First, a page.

Sports medicine specialists have an in-depth understanding of athletic injuries, as well as the associated treatment and recovery process. The professionals at Sentara RMH Medical Center and Sentara Martha Jefferson Hospital work with individual athletes to understand their unique goals and needs and guide them to the best treatment path for their situation.
“Our primary focus is to restore function and get the athlete moving again,” says orthopedics and sports medicine specialist Thomas S. Weber, MD, of Sentara Orthopedic & Sports Medicine Specialists. “Depending on the situation, we are able to use either surgical or nonsurgical techniques—or a combination of the two—to get athletes back in the game.”
Successful Surgery and a Newfound Career Path
Surgery, combined with a year of rehabilitation, helped Luke Bailey get back on the football field—and gave him a focus for his future.
During a football scrimmage at Wilson Memorial High School in Fishersville in August 2018, Bailey tore his anterior cruciate ligament (ACL). “I went in to make a tackle,” says the 18-year-old. “I was hit from an awkward angle and went down and twisted my knee.”
A sophomore at the time, Bailey didn’t immediately realize the severity of his injury. To assess the situation, he first went to South River Rehabilitation & Performance in Stuarts Draft, and was then referred to Clark Baumbusch, MD, an orthopedic surgeon at the Sentara Sports Medicine Center. “Dr. Baumbusch knew it was an ACL tear right away,” Bailey recalls. “He scheduled me for surgery before he even had the MRI scan done.”
Dr. Baumbusch built a new ACL using a portion of Bailey’s patella (kneecap) tendon. “It’s probably the most common approach for someone who is a contact athlete, and it’s a well-established surgical technique,” he explains, noting that each person’s situation is different, and that ACL surgery should be tailored to a patient’s specific injury, goals and expectations.
For Bailey, the surgery itself was a breeze. “The whole process was really easy,” he recalls. “I was very comfortable. Everyone I encountered made me comfortable and helped me relax.”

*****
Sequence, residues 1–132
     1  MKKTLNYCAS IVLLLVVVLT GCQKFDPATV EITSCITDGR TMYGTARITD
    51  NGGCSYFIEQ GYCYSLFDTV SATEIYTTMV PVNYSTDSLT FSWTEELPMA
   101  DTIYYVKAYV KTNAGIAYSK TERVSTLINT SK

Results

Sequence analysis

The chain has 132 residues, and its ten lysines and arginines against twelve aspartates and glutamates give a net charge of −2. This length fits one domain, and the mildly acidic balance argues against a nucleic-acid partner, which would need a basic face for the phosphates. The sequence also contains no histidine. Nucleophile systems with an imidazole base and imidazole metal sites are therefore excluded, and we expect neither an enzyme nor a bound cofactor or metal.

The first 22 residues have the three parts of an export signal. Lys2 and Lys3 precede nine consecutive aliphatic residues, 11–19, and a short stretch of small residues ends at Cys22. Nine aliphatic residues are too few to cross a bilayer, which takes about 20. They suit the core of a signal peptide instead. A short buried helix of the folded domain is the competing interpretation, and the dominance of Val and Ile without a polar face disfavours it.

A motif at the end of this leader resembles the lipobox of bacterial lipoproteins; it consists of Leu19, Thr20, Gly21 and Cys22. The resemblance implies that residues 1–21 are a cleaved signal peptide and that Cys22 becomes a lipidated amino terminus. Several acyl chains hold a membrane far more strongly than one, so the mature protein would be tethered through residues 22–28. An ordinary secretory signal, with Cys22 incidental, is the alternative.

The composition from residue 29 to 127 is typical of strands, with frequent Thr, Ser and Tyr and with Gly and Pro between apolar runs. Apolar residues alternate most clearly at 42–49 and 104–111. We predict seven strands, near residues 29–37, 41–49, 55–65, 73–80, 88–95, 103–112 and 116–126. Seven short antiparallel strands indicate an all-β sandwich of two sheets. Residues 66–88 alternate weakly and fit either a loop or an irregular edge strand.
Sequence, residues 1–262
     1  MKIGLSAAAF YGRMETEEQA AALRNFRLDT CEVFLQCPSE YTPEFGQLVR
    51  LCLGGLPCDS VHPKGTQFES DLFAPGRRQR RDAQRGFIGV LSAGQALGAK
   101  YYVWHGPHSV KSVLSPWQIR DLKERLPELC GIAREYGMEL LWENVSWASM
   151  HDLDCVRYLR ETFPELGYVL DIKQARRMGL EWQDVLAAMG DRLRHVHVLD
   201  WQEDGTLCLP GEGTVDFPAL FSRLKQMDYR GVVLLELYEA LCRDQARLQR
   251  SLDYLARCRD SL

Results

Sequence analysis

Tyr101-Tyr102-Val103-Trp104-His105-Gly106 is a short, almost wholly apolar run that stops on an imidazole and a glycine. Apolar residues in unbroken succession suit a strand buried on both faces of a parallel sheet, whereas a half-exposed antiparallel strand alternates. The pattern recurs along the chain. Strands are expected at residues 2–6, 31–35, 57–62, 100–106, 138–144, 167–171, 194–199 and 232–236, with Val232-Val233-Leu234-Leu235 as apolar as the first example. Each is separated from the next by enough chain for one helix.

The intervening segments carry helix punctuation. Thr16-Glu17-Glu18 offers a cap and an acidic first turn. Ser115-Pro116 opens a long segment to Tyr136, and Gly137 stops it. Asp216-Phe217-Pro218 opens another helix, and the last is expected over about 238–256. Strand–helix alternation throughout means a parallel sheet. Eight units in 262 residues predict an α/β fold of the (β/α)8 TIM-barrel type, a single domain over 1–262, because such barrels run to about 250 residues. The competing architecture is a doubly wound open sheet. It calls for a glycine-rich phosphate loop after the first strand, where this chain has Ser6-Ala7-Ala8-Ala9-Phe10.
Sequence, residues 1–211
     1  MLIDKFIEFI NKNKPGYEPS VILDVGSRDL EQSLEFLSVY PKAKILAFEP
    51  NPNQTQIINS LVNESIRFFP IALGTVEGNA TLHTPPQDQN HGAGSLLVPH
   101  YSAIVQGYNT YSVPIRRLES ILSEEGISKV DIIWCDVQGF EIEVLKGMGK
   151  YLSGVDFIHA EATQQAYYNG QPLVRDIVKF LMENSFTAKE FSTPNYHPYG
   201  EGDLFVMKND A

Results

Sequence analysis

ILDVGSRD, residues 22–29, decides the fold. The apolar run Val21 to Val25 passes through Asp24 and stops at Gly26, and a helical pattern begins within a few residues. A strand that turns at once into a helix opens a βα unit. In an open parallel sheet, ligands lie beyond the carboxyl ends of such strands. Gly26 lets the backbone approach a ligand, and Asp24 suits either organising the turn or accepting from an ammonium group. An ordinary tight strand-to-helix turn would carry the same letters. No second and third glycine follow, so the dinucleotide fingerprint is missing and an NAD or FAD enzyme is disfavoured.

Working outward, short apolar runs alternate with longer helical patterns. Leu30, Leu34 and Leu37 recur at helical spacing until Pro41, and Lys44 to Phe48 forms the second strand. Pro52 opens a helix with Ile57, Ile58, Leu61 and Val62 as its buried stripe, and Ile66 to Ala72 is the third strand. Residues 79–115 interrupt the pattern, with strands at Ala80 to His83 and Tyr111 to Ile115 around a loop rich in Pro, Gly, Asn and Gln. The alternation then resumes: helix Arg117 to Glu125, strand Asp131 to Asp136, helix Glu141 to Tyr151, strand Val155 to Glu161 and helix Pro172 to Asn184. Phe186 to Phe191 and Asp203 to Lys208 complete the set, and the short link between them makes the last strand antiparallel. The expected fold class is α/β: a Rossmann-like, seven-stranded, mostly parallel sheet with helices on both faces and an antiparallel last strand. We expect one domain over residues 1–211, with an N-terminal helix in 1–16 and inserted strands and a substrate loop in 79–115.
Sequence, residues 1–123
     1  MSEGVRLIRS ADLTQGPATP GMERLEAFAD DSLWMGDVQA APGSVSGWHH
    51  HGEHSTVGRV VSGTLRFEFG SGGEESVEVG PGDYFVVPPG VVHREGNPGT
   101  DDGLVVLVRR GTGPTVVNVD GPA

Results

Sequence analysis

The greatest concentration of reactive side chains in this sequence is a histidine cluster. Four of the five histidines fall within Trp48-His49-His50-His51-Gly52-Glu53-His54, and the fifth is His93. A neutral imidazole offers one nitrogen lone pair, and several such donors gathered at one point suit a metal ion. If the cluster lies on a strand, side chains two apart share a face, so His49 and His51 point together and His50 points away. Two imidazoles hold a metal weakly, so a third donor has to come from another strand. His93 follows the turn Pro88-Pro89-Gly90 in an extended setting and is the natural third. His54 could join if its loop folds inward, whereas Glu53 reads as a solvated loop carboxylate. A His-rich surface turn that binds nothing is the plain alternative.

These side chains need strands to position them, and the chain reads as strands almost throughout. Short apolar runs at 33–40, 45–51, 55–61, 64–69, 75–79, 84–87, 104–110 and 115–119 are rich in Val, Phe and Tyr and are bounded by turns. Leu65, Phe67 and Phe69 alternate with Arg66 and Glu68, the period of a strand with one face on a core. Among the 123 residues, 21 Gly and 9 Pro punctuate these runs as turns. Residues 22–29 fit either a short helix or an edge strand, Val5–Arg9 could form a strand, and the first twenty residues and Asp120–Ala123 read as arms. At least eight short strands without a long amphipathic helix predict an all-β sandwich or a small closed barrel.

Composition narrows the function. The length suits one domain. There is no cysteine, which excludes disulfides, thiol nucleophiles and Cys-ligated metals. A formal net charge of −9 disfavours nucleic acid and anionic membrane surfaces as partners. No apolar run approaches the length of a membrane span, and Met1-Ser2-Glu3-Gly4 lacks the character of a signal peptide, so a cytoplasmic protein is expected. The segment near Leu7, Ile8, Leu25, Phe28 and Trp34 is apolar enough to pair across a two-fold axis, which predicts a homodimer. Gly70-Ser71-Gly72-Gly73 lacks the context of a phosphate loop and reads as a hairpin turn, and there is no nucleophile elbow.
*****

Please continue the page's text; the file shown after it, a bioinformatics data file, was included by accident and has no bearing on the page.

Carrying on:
His recovery was a long process, however, which is typical with ACL surgery. He started physical therapy the day after surgery, but otherwise spent the first week resting in bed. He then saw Dr. Baumbusch regularly for follow-up care. For the first month, Bailey went to physical therapy five days a week and then tapered to three or four days a week for the next year.
Rehab following ACL surgery has evolved in recent years, with an emphasis now on getting people moving and bearing weight immediately after surgery. But rehab also focuses on tailoring a program to the needs and healing level of each patient. “Luke was a pleasure to work with,” says Dr. Baumbusch. “I tell my patients that recovery is dependent on several variables: the ability of your surgeon to fix your problem, the ability of your therapist to understand and manage rehab, and the dedication the patient has to get better. When those stars align, the sky’s the limit.”
The length of a rehab program depends on each patient’s goals. Bailey transitioned to athletic performance training in the final months of rehab to ensure that he was fully ready for a new season of football. “His goals were to get back to competition and contact sports at a high level,” notes Dr. Baumbusch. “That’s a pretty lofty goal, and in those situations the rehab can last a year.”
Rehab and sports conditioning helped prepare Bailey for a return to the competition he loved. “I was in a better place than before the ACL tear,” Bailey says. “I would recommend Dr. Baumbusch 100%. He was awesome and very personable. Every time we went to the clinic, it was always upbeat and cheerful, even though the reason we were there wasn’t fun.”